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American Literature and Culture Section (Department of English Studies, University of Wrocław) and New Media and Popular Literature Section (Department of Polish Studies, University of Wrocław) invite paper abstracts for “Generation BioWare,” a conference focused exclusively on the Canadian developer and their games.

Founded in 1995, BioWare have been responsible for some of the most acclaimed titles in the history of the industry. The studio’s games are famous for multi-layered narratives and complex characters, both of which originated in titles set in the well-established worlds: Faerûn from the Dungeon and Dragons pen-and-paper RPG system and the Star Wars universe. Since their release, Baldur’s Gate (1998), Baldur’s Gate II: Shadows of Amn (2000), and Knights of the Old Republic (2003) have enjoyed critical and commercial success and the two franchises have enabled the studio to create its own proprietary worlds in Jade Empire (2005), Mass Effect (2007), and Dragon Age: Origins (2009) as well as to further refine story-telling structures, character writing, karmic mechanics, and worldbuilding techniques.

The positive reception of BioWare titles has been accompanied by the development of a dedicated fanbase, whose general video game literacy was centrally shaped by BioWare’s design decisions and techniques. As a result, BioWare games have come to be regarded as templates for many western RPGs: the recent Kickstarter success of Divinity Original Sin (2014), Pillars of Eternity (2015), and Tyranny (2016) can be partly ascribed to the impact the Baldur’s Gate series had on these titles.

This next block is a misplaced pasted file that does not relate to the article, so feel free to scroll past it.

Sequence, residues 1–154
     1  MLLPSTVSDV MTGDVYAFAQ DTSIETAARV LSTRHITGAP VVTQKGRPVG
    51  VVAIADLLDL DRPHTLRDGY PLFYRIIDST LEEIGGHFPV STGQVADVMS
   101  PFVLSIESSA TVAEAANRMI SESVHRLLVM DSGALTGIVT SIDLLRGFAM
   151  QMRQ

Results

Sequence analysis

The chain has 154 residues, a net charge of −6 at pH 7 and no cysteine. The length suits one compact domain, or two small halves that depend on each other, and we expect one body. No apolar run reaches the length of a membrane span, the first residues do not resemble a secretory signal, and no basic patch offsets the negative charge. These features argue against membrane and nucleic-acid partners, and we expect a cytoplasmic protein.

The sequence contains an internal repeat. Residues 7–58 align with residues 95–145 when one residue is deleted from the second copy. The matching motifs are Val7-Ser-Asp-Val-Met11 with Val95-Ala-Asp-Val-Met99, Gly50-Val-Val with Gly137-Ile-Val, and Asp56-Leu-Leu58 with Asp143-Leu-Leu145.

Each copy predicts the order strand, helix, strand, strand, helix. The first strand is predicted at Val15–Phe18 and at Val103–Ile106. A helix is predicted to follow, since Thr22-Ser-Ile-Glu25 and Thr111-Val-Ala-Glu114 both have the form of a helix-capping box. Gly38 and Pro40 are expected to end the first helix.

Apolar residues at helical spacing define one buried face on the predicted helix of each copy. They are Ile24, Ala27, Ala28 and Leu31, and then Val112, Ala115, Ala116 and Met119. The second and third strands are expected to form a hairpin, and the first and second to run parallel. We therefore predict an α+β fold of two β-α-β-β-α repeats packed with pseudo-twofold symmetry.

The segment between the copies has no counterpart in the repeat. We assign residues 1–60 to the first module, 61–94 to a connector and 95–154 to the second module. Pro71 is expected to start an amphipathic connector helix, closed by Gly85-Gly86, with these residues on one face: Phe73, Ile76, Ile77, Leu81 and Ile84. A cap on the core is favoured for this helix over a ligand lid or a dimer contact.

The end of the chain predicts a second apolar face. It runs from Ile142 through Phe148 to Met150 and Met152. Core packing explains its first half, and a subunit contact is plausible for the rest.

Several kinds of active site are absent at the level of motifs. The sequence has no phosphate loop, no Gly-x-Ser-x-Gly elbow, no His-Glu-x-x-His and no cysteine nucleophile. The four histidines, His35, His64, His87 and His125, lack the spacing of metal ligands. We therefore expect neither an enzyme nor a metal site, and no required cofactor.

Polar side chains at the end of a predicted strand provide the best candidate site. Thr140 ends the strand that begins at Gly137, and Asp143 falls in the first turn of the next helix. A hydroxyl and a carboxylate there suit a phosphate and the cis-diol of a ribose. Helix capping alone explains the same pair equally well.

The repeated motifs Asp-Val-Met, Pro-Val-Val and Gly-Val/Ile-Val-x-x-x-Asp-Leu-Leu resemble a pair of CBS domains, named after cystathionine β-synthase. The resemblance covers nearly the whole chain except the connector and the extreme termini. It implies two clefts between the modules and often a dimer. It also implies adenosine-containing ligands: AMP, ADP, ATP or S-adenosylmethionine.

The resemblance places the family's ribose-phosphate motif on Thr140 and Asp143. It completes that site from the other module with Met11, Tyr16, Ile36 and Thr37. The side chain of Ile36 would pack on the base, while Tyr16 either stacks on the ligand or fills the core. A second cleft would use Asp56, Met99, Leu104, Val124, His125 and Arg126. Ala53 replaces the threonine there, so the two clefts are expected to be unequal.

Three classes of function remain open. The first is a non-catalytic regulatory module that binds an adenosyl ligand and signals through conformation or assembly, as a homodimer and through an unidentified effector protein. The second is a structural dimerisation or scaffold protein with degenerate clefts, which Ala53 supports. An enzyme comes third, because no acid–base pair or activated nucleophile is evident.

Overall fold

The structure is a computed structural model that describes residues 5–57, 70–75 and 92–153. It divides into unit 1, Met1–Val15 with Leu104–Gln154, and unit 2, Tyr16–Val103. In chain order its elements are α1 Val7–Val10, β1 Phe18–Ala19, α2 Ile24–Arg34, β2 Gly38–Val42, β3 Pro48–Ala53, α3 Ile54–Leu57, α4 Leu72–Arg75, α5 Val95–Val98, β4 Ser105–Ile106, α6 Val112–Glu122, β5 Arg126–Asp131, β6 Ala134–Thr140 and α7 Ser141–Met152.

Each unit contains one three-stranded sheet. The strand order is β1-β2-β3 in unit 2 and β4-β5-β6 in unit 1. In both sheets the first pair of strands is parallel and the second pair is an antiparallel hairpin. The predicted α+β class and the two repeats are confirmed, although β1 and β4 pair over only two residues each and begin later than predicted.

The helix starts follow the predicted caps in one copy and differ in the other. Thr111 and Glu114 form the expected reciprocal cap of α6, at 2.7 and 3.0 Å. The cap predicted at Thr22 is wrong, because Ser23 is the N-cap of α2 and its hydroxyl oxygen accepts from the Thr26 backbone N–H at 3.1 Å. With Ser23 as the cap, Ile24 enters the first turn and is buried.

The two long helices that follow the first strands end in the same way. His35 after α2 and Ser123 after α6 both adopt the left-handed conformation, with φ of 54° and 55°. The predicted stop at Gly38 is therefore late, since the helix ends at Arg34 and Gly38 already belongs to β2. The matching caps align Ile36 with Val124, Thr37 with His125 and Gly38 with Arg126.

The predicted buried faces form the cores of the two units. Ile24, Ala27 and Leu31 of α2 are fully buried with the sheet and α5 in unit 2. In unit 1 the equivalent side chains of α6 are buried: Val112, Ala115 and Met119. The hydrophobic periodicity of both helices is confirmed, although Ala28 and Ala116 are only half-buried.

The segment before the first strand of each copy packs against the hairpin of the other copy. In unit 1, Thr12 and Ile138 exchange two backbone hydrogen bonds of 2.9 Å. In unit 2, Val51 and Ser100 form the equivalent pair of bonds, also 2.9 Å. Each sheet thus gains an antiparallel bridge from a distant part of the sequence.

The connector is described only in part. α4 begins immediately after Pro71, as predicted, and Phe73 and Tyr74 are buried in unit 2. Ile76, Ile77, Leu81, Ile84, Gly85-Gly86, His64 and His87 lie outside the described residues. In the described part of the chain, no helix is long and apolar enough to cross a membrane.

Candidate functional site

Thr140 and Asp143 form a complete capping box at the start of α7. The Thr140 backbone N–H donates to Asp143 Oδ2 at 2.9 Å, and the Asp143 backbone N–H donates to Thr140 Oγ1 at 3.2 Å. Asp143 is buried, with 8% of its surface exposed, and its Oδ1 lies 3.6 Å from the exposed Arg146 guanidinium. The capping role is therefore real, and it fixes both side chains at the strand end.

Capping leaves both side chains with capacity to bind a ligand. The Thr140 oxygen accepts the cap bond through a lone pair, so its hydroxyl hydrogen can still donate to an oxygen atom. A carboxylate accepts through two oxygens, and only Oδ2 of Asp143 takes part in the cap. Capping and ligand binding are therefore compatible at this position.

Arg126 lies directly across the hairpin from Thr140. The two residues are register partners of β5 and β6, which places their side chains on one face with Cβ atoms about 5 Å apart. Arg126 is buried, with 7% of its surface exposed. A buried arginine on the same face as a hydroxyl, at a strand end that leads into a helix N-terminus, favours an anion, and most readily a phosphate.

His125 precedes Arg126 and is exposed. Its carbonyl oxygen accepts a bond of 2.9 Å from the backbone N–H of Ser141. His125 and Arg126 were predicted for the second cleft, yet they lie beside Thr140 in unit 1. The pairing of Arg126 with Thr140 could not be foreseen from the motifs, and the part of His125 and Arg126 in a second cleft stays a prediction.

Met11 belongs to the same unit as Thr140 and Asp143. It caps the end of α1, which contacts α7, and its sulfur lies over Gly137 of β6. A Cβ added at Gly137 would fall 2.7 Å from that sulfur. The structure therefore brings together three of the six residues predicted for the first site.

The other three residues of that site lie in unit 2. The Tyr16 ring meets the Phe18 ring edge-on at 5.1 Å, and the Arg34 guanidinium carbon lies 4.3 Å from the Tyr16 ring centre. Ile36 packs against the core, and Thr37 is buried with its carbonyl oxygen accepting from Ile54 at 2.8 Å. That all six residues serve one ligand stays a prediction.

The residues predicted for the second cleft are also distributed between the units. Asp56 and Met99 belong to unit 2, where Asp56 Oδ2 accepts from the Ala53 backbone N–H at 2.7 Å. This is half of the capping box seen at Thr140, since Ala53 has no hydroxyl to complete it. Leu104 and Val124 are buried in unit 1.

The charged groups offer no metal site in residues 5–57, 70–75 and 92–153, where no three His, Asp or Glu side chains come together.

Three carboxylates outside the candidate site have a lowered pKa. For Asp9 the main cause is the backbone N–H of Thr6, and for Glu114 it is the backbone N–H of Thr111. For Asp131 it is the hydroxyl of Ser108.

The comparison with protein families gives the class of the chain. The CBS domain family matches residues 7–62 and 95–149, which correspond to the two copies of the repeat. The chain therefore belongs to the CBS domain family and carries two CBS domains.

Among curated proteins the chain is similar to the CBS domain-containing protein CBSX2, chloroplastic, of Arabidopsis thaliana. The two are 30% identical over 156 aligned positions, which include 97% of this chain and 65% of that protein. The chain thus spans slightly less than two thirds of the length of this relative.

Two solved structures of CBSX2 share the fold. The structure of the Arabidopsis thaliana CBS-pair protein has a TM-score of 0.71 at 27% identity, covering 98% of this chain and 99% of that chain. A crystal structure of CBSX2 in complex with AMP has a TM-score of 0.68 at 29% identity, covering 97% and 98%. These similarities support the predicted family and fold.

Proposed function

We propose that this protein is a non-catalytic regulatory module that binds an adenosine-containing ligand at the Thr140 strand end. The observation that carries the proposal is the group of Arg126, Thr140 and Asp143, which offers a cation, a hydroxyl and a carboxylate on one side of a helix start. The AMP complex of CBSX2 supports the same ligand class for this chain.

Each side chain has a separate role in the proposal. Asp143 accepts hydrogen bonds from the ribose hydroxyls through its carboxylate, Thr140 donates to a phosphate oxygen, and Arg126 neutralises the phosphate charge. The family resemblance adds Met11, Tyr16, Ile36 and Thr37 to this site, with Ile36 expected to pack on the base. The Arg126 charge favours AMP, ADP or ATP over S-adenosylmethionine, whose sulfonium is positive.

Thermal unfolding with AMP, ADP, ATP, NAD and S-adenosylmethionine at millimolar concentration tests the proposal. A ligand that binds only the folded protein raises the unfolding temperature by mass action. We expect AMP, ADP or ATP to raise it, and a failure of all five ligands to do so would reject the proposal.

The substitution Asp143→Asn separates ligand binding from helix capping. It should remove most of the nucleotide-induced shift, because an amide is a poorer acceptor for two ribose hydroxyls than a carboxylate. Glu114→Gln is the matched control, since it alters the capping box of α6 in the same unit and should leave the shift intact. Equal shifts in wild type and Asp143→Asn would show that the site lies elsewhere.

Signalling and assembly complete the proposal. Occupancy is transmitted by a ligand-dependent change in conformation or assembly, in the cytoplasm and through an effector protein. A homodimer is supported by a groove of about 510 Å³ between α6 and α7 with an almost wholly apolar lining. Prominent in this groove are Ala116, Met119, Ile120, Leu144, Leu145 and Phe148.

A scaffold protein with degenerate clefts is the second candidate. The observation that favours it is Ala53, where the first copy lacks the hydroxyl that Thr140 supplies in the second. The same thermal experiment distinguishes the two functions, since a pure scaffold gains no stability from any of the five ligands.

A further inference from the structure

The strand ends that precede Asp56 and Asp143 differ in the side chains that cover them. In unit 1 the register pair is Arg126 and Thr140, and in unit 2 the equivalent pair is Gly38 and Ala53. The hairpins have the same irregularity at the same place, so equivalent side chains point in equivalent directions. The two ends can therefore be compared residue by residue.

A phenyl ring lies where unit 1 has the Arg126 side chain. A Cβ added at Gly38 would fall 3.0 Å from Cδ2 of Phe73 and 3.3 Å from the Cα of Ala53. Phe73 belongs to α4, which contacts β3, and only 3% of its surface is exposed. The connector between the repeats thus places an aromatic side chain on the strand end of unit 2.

Consequently, BioWare’s impact on the medium as well as the industry can be perceived as nothing short of critical. To address this influence, we would like to create a platform for academic exchange and invite submissions from scholars and researchers across disciplines, including game studies, literary studies, linguistics, fan studies, media studies, sociology, and cultural studies.

Suggested areas of research include but are not limited to: • narratology and character research, • literary and ludological dimensions, • sociology of BioWare games and their fan communities, • BioWare games and classic RPGs, • worldbuilding techniques, • narrative techniques, • gameplay design, • poetics of BioWare games, • ethical and moral issues in BioWare games, • localization and adaptation, • paratextuality and transmediality, • video game market and the evolution of BioWare as a studio, • Interplay, BlackIsle, Troika, and Obsidian as competitors and creators of alternative worldbuilding and narrative techniques, • narrative and character design methods, • visuality and sound in BioWare games.